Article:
MPs have urged the government to allocate more resources to information assurance, and warned that GCHQ does not have enough internet experts to deal with the growing cyber threat.
The Commons Intelligence and Security Committee argued in a new report that the government's cost cutting drive is likely to have a negative impact on the relevant agencies' abilities to deal with current threats, despite the commitment of £650m for a new cyber security programme.
"This will require tough decisions in the coming years. It is essential that the Spending Review settlement can be adjusted if there is a significant change in the threat," the report said.
More worryingly, the report cast doubt over the ability of GCHQ to carry out its role effectively.
"We are concerned about GCHQ's inability to retain a suitable cadre of internet specialists to respond to the threat. We therefore urge GCHQ to investigate what might be done within existing pay constraints to improve the situation," it said.
"We also recommend that the Cabinet Office, as lead department for cyber security, considers whether a system of bonuses for specialist skills, such as exists in the US, should be introduced."
The report also expressed concerns that GCHQ is unable to account for equipment worth up to £1m, and revealed that the lack of priority given to cyber security within government had led to funding shortfalls.
"The Committee is disappointed that government departments and agencies do not view investment in information assurance as important, and that this has led to GCHQ having to subsidise the Communications-Electronics Security Group by several million pounds a year," it said.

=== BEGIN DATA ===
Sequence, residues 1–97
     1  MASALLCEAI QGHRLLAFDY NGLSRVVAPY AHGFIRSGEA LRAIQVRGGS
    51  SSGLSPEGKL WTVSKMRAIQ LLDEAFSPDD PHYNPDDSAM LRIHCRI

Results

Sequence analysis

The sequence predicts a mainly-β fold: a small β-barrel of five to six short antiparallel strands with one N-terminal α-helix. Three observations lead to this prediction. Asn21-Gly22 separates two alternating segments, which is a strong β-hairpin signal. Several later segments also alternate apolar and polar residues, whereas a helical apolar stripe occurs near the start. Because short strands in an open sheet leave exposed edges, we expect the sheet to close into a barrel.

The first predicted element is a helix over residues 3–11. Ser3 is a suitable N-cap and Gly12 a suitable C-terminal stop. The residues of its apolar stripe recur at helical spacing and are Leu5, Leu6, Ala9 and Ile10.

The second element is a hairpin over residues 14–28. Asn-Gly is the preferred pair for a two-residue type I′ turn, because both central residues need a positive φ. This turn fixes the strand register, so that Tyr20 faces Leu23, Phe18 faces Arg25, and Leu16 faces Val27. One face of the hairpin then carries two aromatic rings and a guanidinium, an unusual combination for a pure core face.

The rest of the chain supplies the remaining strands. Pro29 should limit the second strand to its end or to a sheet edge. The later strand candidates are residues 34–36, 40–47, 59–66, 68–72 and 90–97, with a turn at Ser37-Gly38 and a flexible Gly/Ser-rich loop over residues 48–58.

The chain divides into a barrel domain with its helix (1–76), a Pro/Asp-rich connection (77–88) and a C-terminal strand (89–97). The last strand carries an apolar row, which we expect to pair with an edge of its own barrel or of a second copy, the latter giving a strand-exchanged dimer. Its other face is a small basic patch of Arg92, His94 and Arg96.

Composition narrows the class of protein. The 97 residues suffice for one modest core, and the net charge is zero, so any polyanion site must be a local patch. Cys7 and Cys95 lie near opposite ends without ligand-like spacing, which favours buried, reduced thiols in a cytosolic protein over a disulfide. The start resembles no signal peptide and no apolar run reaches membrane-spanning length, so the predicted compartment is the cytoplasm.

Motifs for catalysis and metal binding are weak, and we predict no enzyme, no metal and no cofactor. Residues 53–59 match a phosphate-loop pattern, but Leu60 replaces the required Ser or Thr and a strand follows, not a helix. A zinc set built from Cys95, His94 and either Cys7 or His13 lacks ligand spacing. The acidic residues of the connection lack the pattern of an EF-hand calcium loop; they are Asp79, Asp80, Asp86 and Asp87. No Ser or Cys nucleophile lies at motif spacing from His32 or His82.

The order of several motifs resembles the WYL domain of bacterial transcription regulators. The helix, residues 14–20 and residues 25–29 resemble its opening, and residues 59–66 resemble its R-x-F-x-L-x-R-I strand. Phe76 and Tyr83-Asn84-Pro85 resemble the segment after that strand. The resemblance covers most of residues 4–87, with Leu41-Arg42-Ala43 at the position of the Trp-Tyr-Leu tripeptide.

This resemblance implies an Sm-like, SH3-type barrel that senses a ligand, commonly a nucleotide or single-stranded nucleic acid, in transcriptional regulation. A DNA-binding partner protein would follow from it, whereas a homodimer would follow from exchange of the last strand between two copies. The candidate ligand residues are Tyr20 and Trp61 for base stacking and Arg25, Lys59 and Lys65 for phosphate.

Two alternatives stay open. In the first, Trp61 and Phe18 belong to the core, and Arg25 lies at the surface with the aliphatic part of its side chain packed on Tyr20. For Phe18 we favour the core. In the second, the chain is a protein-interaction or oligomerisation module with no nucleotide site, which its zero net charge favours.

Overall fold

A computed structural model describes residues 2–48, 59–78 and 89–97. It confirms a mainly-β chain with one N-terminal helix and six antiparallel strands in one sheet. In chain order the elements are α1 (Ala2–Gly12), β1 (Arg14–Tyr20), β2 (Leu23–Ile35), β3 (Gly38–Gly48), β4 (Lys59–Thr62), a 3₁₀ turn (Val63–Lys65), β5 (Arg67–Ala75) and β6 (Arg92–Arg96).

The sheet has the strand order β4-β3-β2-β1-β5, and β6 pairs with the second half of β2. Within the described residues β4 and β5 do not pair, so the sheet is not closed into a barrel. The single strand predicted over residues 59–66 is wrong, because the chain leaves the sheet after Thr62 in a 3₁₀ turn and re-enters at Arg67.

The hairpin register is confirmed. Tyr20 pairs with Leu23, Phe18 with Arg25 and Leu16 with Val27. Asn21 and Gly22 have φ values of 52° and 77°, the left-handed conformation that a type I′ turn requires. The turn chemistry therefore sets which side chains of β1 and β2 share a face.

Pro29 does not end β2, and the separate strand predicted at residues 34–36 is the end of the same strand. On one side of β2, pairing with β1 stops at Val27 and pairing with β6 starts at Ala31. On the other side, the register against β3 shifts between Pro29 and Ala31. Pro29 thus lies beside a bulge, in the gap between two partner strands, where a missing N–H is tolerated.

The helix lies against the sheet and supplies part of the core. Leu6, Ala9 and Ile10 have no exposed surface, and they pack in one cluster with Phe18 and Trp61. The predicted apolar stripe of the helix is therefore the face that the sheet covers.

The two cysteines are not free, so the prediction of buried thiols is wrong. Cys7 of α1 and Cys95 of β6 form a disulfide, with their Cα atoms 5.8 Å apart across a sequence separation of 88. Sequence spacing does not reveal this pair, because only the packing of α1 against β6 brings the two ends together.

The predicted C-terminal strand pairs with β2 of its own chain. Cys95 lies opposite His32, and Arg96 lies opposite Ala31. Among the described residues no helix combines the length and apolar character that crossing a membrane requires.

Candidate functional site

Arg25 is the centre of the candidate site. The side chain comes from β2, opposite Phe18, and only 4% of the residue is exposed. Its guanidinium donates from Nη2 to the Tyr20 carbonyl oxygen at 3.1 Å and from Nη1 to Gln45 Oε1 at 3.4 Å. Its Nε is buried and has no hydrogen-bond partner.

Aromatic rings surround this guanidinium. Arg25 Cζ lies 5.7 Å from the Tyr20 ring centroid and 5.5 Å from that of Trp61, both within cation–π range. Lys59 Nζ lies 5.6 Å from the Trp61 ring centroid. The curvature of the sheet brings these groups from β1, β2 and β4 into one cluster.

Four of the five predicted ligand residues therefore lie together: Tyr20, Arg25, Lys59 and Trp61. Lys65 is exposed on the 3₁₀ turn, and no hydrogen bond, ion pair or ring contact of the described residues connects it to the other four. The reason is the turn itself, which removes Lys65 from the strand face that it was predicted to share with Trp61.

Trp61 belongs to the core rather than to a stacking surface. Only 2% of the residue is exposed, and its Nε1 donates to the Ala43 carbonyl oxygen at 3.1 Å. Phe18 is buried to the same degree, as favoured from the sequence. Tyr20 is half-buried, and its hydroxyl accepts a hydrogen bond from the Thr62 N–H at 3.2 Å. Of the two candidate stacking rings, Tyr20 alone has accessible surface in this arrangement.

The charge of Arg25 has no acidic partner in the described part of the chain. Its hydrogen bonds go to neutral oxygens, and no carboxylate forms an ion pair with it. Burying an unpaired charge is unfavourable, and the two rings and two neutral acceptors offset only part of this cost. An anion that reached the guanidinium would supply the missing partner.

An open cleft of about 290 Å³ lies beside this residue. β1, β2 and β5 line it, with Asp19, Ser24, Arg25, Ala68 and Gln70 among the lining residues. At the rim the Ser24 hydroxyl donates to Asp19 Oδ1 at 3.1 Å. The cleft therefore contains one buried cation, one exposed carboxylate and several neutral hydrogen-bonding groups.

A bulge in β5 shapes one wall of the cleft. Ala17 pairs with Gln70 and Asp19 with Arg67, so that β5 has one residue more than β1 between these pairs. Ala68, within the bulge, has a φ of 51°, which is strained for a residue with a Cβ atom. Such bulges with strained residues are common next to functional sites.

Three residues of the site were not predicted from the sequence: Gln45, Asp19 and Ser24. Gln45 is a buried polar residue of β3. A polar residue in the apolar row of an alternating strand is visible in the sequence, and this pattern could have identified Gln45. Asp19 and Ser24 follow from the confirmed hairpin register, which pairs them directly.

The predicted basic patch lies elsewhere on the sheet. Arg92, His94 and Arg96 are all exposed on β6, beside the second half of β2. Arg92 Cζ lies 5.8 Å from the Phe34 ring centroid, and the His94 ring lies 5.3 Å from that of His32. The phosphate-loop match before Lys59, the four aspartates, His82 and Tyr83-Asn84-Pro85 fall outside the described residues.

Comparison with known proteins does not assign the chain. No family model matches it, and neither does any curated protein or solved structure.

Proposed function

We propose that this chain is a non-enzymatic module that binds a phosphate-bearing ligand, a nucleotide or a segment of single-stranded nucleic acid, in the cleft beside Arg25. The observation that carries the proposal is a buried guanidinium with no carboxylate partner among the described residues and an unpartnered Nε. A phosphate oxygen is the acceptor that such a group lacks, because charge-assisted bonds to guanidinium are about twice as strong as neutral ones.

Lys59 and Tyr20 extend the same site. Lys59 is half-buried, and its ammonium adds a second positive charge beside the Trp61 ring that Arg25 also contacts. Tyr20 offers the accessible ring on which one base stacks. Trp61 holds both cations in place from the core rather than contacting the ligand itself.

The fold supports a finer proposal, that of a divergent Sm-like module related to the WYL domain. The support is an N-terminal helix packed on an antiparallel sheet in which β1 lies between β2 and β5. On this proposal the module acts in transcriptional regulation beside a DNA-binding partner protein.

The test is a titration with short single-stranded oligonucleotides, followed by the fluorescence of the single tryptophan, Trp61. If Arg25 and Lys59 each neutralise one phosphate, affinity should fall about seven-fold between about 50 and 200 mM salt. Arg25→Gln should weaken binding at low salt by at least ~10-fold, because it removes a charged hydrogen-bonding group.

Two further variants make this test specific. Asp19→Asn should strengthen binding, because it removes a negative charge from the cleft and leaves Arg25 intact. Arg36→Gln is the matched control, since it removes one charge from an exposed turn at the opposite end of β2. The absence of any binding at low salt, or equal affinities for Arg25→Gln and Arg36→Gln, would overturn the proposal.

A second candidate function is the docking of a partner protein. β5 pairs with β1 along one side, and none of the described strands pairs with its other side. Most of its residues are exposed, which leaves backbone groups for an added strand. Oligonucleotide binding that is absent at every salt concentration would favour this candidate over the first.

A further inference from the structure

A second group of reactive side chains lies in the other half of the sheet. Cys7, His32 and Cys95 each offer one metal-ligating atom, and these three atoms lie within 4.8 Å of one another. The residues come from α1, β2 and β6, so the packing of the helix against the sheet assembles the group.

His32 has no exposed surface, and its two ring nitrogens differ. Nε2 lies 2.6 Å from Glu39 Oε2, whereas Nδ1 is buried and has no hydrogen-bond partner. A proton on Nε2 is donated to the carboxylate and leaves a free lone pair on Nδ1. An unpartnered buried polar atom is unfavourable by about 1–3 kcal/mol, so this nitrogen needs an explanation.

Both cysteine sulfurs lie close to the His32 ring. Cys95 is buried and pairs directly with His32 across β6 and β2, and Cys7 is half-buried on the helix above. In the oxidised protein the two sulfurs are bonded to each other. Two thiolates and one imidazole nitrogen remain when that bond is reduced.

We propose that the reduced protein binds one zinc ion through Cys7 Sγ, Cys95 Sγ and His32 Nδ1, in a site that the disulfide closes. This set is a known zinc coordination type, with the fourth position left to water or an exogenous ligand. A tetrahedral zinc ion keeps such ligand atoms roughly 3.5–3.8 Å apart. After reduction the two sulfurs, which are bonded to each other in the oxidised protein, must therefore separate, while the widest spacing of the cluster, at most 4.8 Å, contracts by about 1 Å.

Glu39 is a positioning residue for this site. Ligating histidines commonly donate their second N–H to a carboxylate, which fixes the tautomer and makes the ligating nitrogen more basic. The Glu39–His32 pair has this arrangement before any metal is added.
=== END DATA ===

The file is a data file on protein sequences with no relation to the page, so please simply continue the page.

"We are concerned that there appears to have been little progress in achieving a resolution since last year. The deputy national security adviser must prioritise the development of an effective funding model, which should be implemented within the next six months."
The report covers the period 2010 to 2011, during which the government appeared to take a much more decisive lead on cyber security, allocating £650m to a national cyber security programme and pledging to work more closely with the private sector on policy.
Some parts of Atacama have not received rainfall for 500 years - but a sudden deluge of water upset the Desert's delicate biological balance
Spitzer Space Telescope could not spot Oumuamua, suggesting that it is actually pretty small
Greenland crater one of the 25 largest impact craters on Earth
This long-sought progenitor star was identified in an image captured by Hubble in 2007